What does Romans 10:15 mean for us today?
Romans 10:9-10 proclaims that we are saved by believing that God raised Jesus from the dead and then embracing Him as Lord. After that powerful declaration of salvation by grace, the passage moves to describe the plight of those who seemingly have no hope of anyone preaching to them the Good News.
The words of Romans 10:15 come next and, therefore, constitute more than random thoughts about a call to preach. That verse points to the Church's obligation to reach those without any access to the Gospel. The phrase about "sending" preachers does not address the need for pastors to shepherd existing congregations, as important as that pastoral ministry is. Because of the context in which it is found, Romans 10:15 is centered squarely on the unfinished task of world evangelism.
People being sent to proclaim a message from God is not something unique to the New Testament. Old Testament writings contain several stories of God sending people as His messengers. For example, the writings of prophets like Isaiah, Jeremiah, and Jonah give specifics of how and when they were divinely sent.
Though the idea of being divinely sent appears in both Testaments, the New Testament adds an additional nuance: the Church's involvement. As a case in point, Jesus told His followers to "pray earnestly to the Lord of the harvest to send out laborers" (Luke 10:2, ESV). Then, Acts 13:2 describes the Holy Spirit directing the Antioch church to be a sending agent for Paul and Barnabas.
During his third missionary journey, the Apostle Paul wrote a letter to the church in Rome. In that Epistle to the Romans, Paul asked for their help for his planned missionary journey to Spain (Romans 15:24). Thus, when Paul wrote the "unless they are sent" phrase in Romans 10:15, he may very well have envisioned human involvement as well as the hand of God in the sending process.
Not every believer has understood that. For example, some time ago I was recruiting college students for a mission trip. One campus leader got exasperated at my attempts to get him on board. One day, as we walked together across campus, the young man blurted out, "Well, missions is your thing. It's just not mine!"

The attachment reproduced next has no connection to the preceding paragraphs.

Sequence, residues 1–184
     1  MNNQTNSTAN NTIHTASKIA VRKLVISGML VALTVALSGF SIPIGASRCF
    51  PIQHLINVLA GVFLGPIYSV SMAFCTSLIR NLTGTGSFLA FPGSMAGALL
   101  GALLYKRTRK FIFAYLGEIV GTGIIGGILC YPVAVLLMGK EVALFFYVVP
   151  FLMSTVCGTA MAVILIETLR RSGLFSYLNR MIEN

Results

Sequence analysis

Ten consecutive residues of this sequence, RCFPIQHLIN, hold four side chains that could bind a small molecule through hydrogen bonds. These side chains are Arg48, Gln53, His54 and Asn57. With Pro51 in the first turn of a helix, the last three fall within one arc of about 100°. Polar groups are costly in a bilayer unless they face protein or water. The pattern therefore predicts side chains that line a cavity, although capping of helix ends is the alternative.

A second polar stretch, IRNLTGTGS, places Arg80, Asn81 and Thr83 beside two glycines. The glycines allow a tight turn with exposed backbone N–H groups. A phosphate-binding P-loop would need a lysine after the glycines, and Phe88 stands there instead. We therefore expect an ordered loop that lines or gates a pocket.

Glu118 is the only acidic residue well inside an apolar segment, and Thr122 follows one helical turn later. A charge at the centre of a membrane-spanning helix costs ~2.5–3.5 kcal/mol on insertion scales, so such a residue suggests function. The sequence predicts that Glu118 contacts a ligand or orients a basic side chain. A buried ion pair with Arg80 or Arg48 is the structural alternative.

He was wrong, of course. "Making Christlike disciples in the nations" will never be accomplished by missionaries flying solo. Maybe God was not calling that particular young man to spend his life preaching the Gospel among an unreached people group. However, God does expect him -- and every other believer -- to be involved in sending and supporting those workers He is calling..
The condition tied to "how can anyone preach" in Romans 10:15 is two-pronged:
-- Howard Culbertson,
Romans 10 emphasizes the importance of spreading the message of Christianity to all people, both locally and globally. It implies that the message of salvation is for everyone, regardless of their nationality, ethnicity, or location. It highlights the necessity of sending missionaries to proclaim the message of Christ to those who have not yet heard it. The words of this chapter encourage believers to actively participate in global Christian outreach by recognizing the universal significance of the message of salvation and embracing the responsibility to see that it is shared with people in every nation and culture.
More on this topic: "As He sent me, so I am sending you!"
This mini-essay on a world missions Bible passage is one of more than three dozen articles in the "Heart of God" series published in Engage, a monthly online magazine. That series explores what 36 Bible verses say about world missions.